Simple Exposure Mapping in GIMP
A simple approach to blending exposures
A simple approach to blending exposures
There are many different approaches to blending exposures in the various projects, and they can range from extremely detailed and complex to quick and simple. Today we’re going to look at the latter.
I was recently lucky enough to attend an old friends wedding in upstate NY. Mairi got married! (For those not familiar with her, she’s the model from An Open Source Portrait as well as A Chiaroscuro Portrait tutorials.)
I had originally planned on celebrating with everyone and wrangling my two kids, so I left my camera gear at home. Turns out Mairi was hoping that I’d be shooting photos. Not wanting to disappoint, I quickly secured a kit from a local rental shop. (Thank goodness for friends new and old to help wrangle a very busy 2 year old.)
During the rehearsal I was experimenting with views to get a feel for the room I’d have and how framing would work out. One of the shots looked from the audience and right into a late afternoon sun. My inner nerd kicked in and I thought, “This might be a neat image to use for a tutorial!”.
The idea behind exposure fusion (or mapping) is to extend the dynamic range represented in an image by utilizing more than one exposure of the same subject and choosing relevant bits to fit in the final output.
I say “fit” because usually you are trying to put a larger amount of data than a single image might have been able to capture. So you choose which parts you want to use to get something that you’ll like. For example, here we have two images that will be used in this article where the image showing the foreground correctly causes the sky to blow out, while exposing for the sky causes the foreground to go almost black. By selectively combining these two images, we can get something that might show a larger dynamic range than would have been possible in a single exposure:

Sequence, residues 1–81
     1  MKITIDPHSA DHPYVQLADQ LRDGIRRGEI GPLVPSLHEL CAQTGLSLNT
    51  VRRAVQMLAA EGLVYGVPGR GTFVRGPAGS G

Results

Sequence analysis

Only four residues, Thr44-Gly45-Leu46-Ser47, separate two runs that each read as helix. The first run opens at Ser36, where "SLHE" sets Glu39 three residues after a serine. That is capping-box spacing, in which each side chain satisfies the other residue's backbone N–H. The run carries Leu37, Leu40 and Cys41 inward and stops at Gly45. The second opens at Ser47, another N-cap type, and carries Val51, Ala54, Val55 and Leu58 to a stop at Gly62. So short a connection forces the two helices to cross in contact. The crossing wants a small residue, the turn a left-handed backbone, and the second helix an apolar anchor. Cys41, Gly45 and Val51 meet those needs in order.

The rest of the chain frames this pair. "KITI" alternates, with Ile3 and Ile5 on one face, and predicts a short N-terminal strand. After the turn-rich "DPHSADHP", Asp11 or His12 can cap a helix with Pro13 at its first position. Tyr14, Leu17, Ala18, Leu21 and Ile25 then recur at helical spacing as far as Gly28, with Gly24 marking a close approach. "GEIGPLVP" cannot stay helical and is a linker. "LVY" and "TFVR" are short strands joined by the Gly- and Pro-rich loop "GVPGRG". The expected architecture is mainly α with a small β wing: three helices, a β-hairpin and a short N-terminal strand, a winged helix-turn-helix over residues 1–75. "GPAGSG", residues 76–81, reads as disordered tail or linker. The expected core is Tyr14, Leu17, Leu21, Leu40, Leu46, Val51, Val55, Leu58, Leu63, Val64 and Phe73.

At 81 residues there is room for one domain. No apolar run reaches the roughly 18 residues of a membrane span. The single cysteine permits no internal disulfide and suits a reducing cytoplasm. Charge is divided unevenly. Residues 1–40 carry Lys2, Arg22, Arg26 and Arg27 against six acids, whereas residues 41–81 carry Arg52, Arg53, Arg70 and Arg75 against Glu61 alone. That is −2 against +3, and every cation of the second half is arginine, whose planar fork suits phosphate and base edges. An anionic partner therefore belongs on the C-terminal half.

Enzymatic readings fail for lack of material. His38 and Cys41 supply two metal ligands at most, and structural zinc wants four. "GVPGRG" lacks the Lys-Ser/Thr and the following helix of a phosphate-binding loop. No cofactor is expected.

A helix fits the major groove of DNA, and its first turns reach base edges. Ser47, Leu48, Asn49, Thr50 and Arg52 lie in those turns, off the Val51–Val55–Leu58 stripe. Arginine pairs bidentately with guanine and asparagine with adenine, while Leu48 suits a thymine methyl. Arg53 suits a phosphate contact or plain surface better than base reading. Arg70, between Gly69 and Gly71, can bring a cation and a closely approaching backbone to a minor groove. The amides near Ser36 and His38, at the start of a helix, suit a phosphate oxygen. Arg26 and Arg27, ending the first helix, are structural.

This is one common use case scenario for creating HDR/EXR imaging (and tonemapping is the term for doing exactly what we’re describing here - squishing data into the viewable range in a way that we like). In fact, at the end of this article I’ll show how Enfuse handled merging these image exposures (spoiler: pretty darn well).
In exposing for the subjects in this image, I used the structure to block the sun from direct view (though there’s still a loss of contrast and flaring). The straight out of the camera jpg looks like this:
This gave me a well exposed foreground and subjects. I then gave the shutter speed a quick spin to 1⁄1000 (about 4-stops) to get the sky better exposed. The camera jpg for the sky looked like this:
In retrospect I probably would have been better to shoot for 2-stops difference to keep the sky exposed higher in the histogram, but c’est la vie. It also helps to avoid going too far in the extremes when exposing, so as to avoid making it look too unrealistic (yes - the example above probably skirts that pretty close, but it’s exaggerated to make a good article). This gives us a nice enough starting point to play with some simple exposure mapping.